With the exception of his blistering Investigation of a Citizen Above Suspicion (at Film Forum through April 9), Elio Petri’s work is barely known here. MOMA’s two-week retro fills in the near total oeuvre of the man his compatriots labeled “the Political Director”—10 of the 11 features he completed before his death in 1982 are on view.
Petri was a member of the Pasolini-Bertolucci-Bellocchio generation concerned with exploring the structure of society. For Petri in particular, cinema was a means to critique power and the structures that exercise it—religion, the police, politicians, the factory—and to question the assumptions of bourgeois life. With The Tenth Victim (1965), an atypical sci-fi foray into mainstream entertainment, he posits a Pop Art future in which war has been outlawed, replaced by games of legalized murder, played out for high stakes before TV cameras. Marcello Mastroianni and Ursula Andress star as charismatic competing killers (her secret weapon is a bullet-firing bra), but when they fall in love, the initially promising Bond spoof devolves into just another chapter in the battle of the sexes.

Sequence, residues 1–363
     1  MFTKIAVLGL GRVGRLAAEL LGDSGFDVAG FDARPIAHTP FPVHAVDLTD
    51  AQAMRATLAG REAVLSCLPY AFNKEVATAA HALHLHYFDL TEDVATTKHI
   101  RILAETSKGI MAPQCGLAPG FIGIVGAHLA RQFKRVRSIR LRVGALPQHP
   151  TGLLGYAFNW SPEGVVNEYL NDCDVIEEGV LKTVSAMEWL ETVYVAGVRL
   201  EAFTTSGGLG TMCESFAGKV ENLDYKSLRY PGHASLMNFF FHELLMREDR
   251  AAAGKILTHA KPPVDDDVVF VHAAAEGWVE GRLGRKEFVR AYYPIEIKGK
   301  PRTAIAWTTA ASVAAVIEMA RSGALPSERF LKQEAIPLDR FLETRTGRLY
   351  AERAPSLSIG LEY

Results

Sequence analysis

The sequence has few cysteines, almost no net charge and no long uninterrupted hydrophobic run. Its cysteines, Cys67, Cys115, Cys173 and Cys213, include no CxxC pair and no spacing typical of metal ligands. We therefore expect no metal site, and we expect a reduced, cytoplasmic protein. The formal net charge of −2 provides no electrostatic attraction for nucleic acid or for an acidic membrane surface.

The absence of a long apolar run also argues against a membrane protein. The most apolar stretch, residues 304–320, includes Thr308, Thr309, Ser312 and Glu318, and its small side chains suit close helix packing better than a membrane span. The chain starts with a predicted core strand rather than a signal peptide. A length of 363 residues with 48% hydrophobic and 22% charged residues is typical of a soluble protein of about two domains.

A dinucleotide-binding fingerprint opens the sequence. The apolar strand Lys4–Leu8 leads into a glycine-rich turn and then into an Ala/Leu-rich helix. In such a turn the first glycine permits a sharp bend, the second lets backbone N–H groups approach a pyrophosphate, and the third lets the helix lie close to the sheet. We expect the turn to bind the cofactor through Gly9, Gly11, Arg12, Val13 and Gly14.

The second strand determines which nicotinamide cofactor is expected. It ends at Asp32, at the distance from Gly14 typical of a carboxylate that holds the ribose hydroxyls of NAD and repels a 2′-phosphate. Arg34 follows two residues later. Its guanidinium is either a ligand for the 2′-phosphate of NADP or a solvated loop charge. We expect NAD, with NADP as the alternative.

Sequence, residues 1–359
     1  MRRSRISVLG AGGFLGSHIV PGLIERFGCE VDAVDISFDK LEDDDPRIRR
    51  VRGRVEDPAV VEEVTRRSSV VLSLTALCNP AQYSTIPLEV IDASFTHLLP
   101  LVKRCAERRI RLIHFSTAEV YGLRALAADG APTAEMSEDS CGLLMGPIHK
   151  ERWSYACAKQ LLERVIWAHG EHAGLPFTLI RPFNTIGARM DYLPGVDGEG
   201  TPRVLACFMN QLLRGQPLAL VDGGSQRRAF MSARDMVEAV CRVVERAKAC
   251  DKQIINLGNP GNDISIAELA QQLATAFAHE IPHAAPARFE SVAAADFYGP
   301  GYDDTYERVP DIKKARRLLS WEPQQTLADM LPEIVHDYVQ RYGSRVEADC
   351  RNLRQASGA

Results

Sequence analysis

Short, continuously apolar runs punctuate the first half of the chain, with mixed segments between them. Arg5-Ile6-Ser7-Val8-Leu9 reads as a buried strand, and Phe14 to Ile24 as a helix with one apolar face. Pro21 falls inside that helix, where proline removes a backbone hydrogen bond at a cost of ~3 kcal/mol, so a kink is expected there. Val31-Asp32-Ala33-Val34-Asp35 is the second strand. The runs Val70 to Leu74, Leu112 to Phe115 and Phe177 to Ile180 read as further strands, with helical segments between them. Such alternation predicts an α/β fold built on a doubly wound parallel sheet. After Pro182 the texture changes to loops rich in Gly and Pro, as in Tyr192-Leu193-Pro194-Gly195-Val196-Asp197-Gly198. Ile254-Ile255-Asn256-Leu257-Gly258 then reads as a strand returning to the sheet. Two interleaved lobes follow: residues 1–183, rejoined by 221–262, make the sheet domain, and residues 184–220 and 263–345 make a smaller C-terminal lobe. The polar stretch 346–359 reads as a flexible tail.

In A Quiet Place in the Country (1968), devilishly handsome Franco Nero appears as a painter alienated by city life who moves into a lonely villa in search of peace and nature. Instead, he finds himself obsessed with a nymphomaniac ghost that comes with the premises. Real and unreal, past and present, get entangled in this creepy Gothic tale, a riveting study of encroaching madness—it’s Petri’s most underrated film.
His most overrated is surely The Working Class Goes to Heaven (1971), a strident think piece about a factory worker who becomes radicalized after he leaves a finger in his machine. Even less convincing, Property Is No Longer Theft (1973) is an absurdist satire of capitalism and corporate thievery, devoid of visual style. For anyone not well versed in Italian politics of the period, Petri’s detestation of the Christian Democratic Party will be the only clear element in the intriguing but frustrating Todo Modo (1976). This fanciful fiction concerns a meeting of key members of the ruling class during which everyone mysteriously croaks. The superb Gian Maria Volonté does what he can with a character apparently modeled on Aldo Moro, the Christian Democratic leader who was killed by the Red Brigades. MOMA would do well to consider handing out detailed program notes for this curious kettle of fish.
This article from the Village Voice Archive was posted on April 8, 2003